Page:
Novel Japan interrogates the mechanisms by which literary narrative was transformed into national discourse in early Meiji Japan. By elucidating the interplay between popular fiction and its political and economic contexts, John Mertz shows how ideas of nationhood were often the incidental result of conflicting projects of modernization and literary representation.To illustrate these mechanisms, the author explores cultural phenomena such as crime trial reportage, steamboat tourism, the market for overseas fashions, peasant uprisings, images of crowds, changing expressions of social mobility, and other topics rarely brought into discussions of literary history. For instance, crime trial fiction prompted readers to consider the fate of the nation as an extension of the politics of the courtroom. Images of women were used to allegorically represent the nation itself, suffering at the hands of corrupt government, yet comprising a potent force of political righteousness.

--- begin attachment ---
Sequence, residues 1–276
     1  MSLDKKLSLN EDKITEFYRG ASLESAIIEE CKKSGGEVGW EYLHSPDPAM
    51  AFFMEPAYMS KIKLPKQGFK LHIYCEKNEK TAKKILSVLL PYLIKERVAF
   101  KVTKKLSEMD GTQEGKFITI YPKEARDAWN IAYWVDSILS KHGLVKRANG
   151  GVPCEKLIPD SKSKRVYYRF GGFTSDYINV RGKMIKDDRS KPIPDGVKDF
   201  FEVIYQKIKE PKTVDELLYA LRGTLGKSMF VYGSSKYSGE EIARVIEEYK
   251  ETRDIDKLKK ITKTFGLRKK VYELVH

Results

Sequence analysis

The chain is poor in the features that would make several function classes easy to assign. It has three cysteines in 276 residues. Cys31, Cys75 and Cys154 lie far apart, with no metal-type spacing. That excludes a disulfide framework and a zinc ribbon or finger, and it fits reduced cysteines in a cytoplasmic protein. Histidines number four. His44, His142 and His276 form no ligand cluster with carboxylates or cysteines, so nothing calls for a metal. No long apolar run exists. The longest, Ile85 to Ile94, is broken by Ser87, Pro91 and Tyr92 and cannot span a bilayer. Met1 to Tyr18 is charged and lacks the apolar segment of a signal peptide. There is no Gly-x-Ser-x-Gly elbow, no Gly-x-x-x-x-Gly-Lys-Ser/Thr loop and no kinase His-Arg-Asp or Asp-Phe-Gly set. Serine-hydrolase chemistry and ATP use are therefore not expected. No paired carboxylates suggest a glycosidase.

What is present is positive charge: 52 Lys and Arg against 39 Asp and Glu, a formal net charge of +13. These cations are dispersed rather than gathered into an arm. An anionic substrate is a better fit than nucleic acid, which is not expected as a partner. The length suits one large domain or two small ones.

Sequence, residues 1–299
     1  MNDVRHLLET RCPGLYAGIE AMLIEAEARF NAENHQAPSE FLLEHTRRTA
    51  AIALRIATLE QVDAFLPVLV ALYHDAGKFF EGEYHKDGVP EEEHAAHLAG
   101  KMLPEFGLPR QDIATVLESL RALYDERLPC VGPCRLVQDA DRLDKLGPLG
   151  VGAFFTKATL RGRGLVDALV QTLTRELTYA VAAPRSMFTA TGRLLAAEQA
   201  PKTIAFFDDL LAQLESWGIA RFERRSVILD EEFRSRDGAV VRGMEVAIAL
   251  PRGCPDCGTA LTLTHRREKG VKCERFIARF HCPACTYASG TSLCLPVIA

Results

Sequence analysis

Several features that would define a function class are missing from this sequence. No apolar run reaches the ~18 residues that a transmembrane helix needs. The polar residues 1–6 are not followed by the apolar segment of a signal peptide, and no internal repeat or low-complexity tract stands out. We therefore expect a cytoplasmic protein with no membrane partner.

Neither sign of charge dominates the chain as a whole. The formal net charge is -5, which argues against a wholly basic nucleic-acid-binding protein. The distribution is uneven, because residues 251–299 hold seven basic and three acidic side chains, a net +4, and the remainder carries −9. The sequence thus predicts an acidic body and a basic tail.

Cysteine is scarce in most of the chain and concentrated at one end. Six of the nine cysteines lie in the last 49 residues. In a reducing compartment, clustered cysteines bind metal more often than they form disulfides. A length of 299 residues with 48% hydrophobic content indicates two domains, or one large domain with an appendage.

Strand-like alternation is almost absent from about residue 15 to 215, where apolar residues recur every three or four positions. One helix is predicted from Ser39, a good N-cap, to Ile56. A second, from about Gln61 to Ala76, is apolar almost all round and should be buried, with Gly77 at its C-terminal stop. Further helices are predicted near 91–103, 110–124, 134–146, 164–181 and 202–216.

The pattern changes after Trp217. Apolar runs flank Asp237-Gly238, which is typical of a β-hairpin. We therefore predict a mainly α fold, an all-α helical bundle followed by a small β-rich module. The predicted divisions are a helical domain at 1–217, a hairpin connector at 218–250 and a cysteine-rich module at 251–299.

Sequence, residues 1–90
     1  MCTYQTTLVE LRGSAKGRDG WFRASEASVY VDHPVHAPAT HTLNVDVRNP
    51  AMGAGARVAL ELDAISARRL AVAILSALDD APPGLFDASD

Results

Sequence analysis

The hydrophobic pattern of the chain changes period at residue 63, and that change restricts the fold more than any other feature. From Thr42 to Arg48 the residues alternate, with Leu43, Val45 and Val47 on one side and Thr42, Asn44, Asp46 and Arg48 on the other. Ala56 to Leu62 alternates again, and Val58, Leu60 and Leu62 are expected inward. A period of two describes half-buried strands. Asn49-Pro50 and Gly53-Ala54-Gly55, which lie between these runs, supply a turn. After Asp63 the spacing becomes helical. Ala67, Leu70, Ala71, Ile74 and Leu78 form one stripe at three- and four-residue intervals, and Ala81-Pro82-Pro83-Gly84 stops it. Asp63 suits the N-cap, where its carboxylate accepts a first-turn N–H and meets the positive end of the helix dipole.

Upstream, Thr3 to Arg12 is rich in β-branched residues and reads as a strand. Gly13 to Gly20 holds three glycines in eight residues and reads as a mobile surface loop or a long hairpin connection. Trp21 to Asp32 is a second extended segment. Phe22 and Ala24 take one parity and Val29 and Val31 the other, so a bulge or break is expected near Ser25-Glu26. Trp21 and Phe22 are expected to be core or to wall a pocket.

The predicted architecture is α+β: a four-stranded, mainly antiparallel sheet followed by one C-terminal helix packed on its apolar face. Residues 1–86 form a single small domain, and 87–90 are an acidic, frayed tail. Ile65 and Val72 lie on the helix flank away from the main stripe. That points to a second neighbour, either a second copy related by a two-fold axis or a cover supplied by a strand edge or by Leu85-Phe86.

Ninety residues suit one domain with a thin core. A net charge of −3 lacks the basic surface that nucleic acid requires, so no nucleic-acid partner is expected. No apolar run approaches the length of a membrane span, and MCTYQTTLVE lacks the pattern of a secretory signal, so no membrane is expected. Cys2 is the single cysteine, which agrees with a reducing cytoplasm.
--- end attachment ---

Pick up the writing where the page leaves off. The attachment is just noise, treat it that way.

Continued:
In the final chapters, Mertz examines the relations of these early Meiji works to the canon of modern Japanese literature, demonstrating the self-concealing nature of literary history, and questioning the role of the West as Japan's model for modernity. Novel Japan considers major popular writers Kanagaki Robun, Mantei Ôga, Fukuzawa Yukichi, Komuro Angaidô, Miyazaki Muryû, Yamo Ryûkei, Suehiro Tetchô, and Tsubouchi Shôyô, as well as translations from Bulwer-Lytton, Scott, Stepniak, Dumas, Verne, and others.